How do MS medications work?
The current pandemic and the drive to vaccinate against COVID-19 have focused attention on the importance of maintaining an adequate immune response to protect against infection. An early concern among people with multiple sclerosis was whether the immune abnormalities seen in MS would increase the risk of contracting COVID-19. This does not appear to be the case, although extra precautions are needed for older individuals, and those with significant disability or other medical conditions.
The second issue that arose during the pandemic was whether the immune-modulating medications used to treat MS would put people at risk of severe COVID or impair their response to COVID vaccines. So it may be helpful to review how the different categories of MS disease-modifying therapy (DMT) affect the immune response (Zheng and colleagues. CNS Drugs 2020;34:879-896). Of particular interest is how treatments affect the two main types of immune cells – the T cells and the B cells.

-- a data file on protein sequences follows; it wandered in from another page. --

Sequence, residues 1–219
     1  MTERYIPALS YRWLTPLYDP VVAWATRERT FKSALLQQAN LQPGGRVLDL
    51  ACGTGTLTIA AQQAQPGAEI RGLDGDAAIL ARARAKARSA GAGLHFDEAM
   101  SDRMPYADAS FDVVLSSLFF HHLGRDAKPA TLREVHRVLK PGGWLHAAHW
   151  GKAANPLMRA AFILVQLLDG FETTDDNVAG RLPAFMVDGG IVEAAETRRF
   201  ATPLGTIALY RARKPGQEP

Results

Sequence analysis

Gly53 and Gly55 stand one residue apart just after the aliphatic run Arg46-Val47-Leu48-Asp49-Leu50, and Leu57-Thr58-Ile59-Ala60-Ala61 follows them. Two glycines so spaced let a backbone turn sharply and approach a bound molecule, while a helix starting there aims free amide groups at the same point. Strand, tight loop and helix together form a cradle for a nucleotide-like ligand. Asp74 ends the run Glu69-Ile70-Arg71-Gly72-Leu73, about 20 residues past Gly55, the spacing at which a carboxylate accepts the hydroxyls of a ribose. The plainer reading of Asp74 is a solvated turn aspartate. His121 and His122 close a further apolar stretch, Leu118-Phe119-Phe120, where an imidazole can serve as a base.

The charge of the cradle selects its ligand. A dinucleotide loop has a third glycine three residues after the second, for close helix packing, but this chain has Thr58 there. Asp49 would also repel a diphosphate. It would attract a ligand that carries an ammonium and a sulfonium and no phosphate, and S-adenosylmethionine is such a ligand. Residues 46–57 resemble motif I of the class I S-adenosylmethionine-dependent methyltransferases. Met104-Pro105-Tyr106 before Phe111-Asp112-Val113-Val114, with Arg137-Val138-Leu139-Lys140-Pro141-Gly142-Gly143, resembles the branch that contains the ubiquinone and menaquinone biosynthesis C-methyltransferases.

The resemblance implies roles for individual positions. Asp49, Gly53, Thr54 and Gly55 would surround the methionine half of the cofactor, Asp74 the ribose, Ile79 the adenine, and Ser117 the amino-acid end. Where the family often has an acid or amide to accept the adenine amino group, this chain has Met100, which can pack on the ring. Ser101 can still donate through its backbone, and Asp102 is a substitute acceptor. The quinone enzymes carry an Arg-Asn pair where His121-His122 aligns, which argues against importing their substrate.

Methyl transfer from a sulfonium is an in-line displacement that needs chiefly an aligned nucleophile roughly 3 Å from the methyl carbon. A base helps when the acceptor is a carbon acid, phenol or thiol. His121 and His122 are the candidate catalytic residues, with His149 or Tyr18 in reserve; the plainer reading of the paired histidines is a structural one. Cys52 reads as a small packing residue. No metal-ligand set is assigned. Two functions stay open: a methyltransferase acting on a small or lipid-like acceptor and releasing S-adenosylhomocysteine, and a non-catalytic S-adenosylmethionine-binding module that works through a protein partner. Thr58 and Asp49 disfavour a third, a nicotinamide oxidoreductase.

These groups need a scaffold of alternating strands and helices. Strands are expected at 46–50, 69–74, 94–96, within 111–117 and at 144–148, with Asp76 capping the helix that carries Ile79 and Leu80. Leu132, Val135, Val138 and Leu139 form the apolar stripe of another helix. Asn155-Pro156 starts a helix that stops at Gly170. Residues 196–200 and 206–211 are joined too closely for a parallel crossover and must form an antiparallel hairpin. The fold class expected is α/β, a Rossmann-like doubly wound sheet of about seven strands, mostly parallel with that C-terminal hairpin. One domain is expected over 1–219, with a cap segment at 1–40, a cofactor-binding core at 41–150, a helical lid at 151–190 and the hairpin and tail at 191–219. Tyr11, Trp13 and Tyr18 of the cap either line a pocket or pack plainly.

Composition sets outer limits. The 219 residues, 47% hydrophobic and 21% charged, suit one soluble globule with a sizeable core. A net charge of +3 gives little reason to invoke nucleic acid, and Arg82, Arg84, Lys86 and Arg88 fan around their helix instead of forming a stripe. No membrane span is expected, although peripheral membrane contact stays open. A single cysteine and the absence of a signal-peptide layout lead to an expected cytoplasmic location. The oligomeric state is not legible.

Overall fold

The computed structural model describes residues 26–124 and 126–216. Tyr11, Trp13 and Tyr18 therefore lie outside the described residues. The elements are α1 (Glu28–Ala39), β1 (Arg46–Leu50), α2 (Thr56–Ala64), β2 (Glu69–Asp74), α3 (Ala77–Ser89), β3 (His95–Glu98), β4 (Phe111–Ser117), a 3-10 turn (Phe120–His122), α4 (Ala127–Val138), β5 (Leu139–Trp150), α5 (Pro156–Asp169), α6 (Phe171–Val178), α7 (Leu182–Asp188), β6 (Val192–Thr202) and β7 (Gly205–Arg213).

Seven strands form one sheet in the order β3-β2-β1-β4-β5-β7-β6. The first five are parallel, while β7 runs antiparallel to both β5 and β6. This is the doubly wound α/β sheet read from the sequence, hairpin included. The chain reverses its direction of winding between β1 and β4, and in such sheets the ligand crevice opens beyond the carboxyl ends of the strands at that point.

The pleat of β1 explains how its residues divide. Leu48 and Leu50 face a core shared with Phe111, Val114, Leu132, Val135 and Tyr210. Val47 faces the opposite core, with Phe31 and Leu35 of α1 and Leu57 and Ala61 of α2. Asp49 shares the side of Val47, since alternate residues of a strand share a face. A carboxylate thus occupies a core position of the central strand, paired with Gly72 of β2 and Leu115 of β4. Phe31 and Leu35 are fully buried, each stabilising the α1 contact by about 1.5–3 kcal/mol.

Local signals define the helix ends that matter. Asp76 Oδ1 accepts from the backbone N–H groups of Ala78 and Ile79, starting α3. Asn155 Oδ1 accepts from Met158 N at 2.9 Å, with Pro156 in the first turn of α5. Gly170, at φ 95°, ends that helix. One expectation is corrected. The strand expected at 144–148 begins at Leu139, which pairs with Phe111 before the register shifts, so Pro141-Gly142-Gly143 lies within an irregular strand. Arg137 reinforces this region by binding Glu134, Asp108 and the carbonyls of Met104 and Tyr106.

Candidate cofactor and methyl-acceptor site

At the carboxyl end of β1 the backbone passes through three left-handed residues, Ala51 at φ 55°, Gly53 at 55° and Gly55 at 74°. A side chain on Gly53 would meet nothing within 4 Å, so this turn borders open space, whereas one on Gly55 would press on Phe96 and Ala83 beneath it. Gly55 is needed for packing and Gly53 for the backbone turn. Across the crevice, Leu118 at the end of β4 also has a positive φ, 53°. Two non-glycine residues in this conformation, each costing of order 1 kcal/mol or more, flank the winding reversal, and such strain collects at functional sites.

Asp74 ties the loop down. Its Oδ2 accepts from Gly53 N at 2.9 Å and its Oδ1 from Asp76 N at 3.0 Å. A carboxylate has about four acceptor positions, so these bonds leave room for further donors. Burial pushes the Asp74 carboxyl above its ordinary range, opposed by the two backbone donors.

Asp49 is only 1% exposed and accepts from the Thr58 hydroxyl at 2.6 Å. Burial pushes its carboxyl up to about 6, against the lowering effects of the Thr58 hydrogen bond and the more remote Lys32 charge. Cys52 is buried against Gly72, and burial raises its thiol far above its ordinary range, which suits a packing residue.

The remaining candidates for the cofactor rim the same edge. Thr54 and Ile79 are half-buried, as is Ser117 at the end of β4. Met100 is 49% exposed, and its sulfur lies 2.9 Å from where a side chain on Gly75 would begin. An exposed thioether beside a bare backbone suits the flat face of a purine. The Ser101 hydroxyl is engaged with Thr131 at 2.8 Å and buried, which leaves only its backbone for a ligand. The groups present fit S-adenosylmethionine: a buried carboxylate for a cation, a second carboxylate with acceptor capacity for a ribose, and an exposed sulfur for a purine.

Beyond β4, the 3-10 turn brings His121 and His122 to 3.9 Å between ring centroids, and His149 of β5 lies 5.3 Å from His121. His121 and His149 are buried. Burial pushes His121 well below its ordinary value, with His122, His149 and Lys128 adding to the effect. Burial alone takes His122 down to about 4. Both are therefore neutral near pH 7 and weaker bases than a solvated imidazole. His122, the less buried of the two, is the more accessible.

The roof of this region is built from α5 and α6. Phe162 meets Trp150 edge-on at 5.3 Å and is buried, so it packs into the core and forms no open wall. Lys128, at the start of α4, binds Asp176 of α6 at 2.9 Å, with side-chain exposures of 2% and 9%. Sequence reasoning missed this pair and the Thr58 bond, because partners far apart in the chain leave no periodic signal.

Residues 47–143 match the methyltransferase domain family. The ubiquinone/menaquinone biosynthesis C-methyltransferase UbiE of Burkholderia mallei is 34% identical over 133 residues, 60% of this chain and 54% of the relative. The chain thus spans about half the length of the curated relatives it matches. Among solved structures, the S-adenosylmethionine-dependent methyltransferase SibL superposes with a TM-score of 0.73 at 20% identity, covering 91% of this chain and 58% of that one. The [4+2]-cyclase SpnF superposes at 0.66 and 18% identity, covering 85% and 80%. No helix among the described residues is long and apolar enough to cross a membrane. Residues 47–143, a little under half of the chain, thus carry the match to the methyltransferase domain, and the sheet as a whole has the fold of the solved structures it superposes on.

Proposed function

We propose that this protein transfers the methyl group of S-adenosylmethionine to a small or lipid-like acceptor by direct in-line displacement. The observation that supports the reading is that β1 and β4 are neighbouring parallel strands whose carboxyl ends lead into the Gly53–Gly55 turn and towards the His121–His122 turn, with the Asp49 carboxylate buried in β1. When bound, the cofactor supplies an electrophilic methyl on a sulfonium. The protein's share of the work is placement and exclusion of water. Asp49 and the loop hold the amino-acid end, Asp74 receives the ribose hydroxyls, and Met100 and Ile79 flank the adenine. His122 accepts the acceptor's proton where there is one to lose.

1. Treatments that make the immune response less inflammatory: When T cells become activated, medications can induce them to be less inflammatory, which can reduce the amount of tissue damage caused by inflammation. This is primarily how the injectable MS medications work, such as the interferons (Avonex, Betaseron/Extavia, Rebif, Plegridy) and Copaxone (Kieseier BC. CNS Drugs 2011;25:491-502).
Oral medications also reduce the inflammatory response but by different mechanisms. Aubagio prevents activated T cells from proliferating. The fumarates (Tecfidera, Vumerity) induce the body’s antioxidant response, which blocks the formation of inflammatory molecules (Gold and colleagues. Clin Immunol 2012;142:44-48). Treatment can reduce the number of T cells to some degree but this does not appear to be associated with a risk of infections (Boffa and colleagues. CNS Drugs 2020;34:425-432). The B cell (antibody) response is not affected (Longbrake and colleagues. Mult Scler 2021;27:883-894).